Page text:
A video has emerged on Facebook showing an irate traffic cop arresting a driver who overtook a car on a double-sided line.
The officer then accuses the driver, who is white, of also driving on the painted island, which the driver denies.
The officer then asks “Are you trying to argue with me?” The driver acknowledges overtaking on the double-sided line, but again denies arguing with the officer, and tries to state his case.
The officer then threatens to lock up the driver, adding “Don’t tell me what I’ve seen. You want to tell that to the court?”
After this, the officer demands that the driver step out of the vehicle, citing that he will be arrested on charges of reckless and negligent driving. The driver complies, stepping out of the vehicle calmly.
Upon exiting the vehicle, the passenger carries on filming.
The officer introduces himself as Officer Mathupi, and proceeds to read the driver his memorandum rights. The driver tries to plead with the officer that he did not drive over the painted island, but his pleas are ignored as the officer continues to read him his rights.
The officer then requests that the driver follow him to the police station. The driver raises his hands and again tries to explain his plight, to which the officer reacts by accusing the driver of challenging his authority.
“I don’t need your attitude. I’m sick and tired of these white people trying to give me attitude.”
When the officer walks the driver back to his vehicle, he sees the passenger filming the incident, and loudly declares that “if you are going to take pics, you are going to lose your phone.”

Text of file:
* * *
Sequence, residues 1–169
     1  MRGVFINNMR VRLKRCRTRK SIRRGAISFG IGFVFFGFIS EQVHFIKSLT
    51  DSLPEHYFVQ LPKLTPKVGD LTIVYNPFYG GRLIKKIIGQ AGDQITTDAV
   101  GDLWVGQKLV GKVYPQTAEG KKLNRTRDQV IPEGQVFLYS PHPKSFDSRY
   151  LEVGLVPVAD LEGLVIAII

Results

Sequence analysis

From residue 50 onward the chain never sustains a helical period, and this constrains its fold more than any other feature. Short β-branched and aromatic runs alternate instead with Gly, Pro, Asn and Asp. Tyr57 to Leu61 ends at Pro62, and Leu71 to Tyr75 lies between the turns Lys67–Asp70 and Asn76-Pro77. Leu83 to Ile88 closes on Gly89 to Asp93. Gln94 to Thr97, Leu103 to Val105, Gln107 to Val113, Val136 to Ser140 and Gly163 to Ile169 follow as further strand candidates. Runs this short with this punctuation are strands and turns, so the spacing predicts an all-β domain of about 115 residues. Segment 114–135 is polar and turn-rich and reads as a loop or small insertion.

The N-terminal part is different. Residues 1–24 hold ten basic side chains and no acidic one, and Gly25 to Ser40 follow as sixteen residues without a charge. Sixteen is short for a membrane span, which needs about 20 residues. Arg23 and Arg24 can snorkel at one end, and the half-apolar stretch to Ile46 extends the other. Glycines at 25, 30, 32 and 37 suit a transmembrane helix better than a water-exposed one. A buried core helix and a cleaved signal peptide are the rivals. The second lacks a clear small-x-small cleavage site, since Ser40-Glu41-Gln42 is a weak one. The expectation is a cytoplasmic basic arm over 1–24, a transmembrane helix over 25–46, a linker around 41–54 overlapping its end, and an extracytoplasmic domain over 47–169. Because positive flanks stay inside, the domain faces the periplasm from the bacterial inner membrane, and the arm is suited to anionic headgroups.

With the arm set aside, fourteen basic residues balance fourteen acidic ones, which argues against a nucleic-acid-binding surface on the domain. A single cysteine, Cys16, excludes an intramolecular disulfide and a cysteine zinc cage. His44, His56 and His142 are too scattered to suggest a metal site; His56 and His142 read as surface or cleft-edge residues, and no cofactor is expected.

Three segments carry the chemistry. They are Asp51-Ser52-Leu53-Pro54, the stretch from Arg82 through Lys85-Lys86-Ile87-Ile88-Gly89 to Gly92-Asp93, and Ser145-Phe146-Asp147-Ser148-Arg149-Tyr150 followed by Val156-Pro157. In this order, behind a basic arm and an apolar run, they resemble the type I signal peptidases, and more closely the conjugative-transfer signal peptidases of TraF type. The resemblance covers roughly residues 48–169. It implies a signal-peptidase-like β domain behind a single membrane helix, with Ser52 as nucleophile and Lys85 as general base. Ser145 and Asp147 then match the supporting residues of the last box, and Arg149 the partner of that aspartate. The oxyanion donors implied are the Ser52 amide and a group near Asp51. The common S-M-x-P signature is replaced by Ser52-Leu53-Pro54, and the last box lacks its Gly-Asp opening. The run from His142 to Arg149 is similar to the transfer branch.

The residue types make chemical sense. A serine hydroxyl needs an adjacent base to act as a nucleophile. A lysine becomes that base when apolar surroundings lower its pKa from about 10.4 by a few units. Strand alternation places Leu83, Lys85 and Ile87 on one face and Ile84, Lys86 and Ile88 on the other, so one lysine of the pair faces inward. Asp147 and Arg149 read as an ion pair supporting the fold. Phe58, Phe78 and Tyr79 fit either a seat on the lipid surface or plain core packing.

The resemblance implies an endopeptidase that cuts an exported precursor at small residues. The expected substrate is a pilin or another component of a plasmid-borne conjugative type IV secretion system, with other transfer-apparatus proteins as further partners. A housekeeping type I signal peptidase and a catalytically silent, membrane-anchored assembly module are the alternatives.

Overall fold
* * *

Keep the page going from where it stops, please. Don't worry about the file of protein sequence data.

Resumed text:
As the video cuts out, the driver can be heard repeating “Please, sir…”, while the passenger also pleads with the officer not to arrest the driver.
In the comments section of the video, posted by South Africa Uncut, there was a hotly contested debate over whether the arrest of the driver was in fact legal, or if his attitude towards ‘white people giving him attitude’ is the reason for the arrest.
According to Sections 35 and 36 of the National Road Traffic Act, as cited by the Justice Project South Africa, any person caught driving negligently stopped at the time of the offence will be arrested. The procedures followed by the officer are, according the Act, legal, and asking the driver to follow the officer to the police station is legal as well.
The Act states that upon arrest, the offender will be taken to a police station for fingerprints and the registration of a criminal docket against their name. After this, the offender will be released on bail to appear in court at a stipulated date and time on the criminal charges brought against them. Failing to appear in court will lead to a warrant of arrest. The offender’s driving licence will also be suspended.
So, according to the Act, technically the traffic officer was just doing his job. However, the video has received criticism because of the officer alluding to the race of the driver, something that should not play a role in his arrest.
To make matters worse, there is no doubt that the officer judges the driver in question by referencing other unpleasant encounters with white drivers.
Another side of the story is white people questioning the portrayal of alleged racist videos in South Africa. There has been a public outcry among some white people who feel they also discriminated against, but that videos showing this do not get the same amount of traction or media attention as videos in which black people are discriminated against.